Facing the possibilities of future growth and becoming a more global company, NIBCO’s management analyzed their current information systems and came to the conclusion that NIBCO was actually information poor. They came to the conclusion that they could no longer continue to grow with their current information technology, which consisted of a series of legacy systems and reporting tools that were unable to communicate with each other. Distribution could not see what manufacturing was doing and manufacturing could not see what distribution and sales were doing.
NIBCO decided to bring in a team of consultants, the Boston Consulting Group. The group was to help the company with coming up with a solution and to develop a strategic information system plan to help them meet their needs. BCG found that employees were highly dissatisfied with the functionality of the legacy environments and having to deal with multiple databases
BCG’s final recommendation was to replace their current legacy systems with common integrated systems that could be implemented in a 3 to 5 year process. This new integrated system would allow the company to have clear communication between the manufacturing area, distribution area and across the company.
ERP Selection Team
A cross-functional team was organized in order to determine the best ERP package for the company. The team was sponsored by the CFO and included director-level management. The team pinpointed seven possible ERP packages, which were evaluated in detail. They visited many different vendors’ customers and had associates from every department participate in different walk-throughs to determine the suitability of each particular ERP package. The selection team also ran different benchmark tests to determine what type of approach the company should adopt. They had the option of implementing the 3-5 year approach that was suggested by the consulting group or they could make one swift move and utilize the Big Bang approach.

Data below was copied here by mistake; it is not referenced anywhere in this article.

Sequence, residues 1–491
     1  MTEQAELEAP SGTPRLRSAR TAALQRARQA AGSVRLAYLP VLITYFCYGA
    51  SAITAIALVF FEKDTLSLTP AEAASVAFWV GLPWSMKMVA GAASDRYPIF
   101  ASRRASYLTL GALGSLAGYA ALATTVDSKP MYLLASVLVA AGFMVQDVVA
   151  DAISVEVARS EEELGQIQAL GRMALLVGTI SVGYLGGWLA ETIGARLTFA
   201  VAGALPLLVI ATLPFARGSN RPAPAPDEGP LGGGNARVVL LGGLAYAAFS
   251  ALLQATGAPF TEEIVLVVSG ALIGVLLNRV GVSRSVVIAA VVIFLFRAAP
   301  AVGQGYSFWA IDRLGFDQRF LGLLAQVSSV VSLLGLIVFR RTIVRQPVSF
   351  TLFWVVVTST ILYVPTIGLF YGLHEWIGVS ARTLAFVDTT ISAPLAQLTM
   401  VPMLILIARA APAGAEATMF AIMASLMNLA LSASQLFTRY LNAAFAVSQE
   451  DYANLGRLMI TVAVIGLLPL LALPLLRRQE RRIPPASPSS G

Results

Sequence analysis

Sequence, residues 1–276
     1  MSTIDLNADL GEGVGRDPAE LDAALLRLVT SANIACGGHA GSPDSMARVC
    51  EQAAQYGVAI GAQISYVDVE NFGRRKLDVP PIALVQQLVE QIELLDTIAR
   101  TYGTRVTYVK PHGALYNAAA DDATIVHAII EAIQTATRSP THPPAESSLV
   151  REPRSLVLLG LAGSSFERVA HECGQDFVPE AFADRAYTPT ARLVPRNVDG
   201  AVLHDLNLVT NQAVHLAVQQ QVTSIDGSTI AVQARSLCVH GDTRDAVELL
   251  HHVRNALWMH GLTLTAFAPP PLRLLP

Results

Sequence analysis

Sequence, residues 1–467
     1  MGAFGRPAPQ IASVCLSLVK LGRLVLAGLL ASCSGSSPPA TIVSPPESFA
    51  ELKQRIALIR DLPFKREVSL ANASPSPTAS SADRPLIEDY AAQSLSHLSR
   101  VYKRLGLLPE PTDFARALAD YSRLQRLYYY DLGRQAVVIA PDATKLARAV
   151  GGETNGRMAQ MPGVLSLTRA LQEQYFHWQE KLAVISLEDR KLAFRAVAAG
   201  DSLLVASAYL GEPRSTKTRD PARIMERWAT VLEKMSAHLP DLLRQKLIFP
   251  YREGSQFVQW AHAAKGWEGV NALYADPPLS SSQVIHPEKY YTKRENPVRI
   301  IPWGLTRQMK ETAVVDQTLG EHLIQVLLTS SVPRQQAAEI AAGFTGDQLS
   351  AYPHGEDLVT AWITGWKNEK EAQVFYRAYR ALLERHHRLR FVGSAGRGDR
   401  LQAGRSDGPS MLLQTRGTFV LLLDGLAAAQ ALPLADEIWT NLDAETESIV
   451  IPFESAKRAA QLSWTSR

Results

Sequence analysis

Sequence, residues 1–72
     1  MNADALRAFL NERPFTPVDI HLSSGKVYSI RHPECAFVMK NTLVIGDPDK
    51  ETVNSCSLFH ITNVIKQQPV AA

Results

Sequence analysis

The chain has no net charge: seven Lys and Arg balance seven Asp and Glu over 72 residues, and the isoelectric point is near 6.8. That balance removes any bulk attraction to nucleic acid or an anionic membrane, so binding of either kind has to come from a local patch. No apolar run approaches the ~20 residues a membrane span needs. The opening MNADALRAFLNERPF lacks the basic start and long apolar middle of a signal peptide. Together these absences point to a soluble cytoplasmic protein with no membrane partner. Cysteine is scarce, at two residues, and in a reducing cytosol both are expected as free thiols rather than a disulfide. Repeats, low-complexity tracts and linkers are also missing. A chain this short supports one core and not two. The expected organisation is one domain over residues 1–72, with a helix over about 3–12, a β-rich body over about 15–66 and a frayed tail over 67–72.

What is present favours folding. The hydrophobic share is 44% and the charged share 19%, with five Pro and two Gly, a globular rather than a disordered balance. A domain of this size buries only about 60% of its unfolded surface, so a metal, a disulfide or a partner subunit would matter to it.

Some of the members of team though that the approach recommended by the consulting firm was not the best option for NIBCO and that employees would eventually tire down and stop the momentum before actually completing the implementation. Also, the team became aware of several companies that had implemented this slow approach and were not as successful as other companies. Last, while the risks associated with a Big Bang approach would certainly be higher, the costs would be significantly lower than the 3-5 year approach.
In July of 1996, the team recommended for NIBCO to purchase a single ERP system: SAP R/3. The plan was presented to the board, approved and later a contract was signed with SAP to purchase FI/CO, MM, PP, SD and HR modules for about 620 user licenses.
The TIGER Triad
Once the team’s Big Bang recommendation was endorsed, it was time to focus on the R/3 implementation. A new team was formed in order to oversee the project for the next 18 months. The team became known as the Tiger team: Total Information Generating Exceptional Results and their logo was that of a growling tiger, symbolizing a break away from old technology and infrastructure. The team consisted of three individuals who had absolute knowledge of the company. Scott Beutler was the VP of operations and had also participated with the consultant group earlier; Gary Wilson was the head of the IS department and had over 20 years of IS experience, including four major project implementations, and the third member was Jim Davis with extensive experience in strategic planning reengineering within the company. So the new triad leadership co-led the new project each with their own responsibilities: technology (Wilson), business coordination (Beutler) and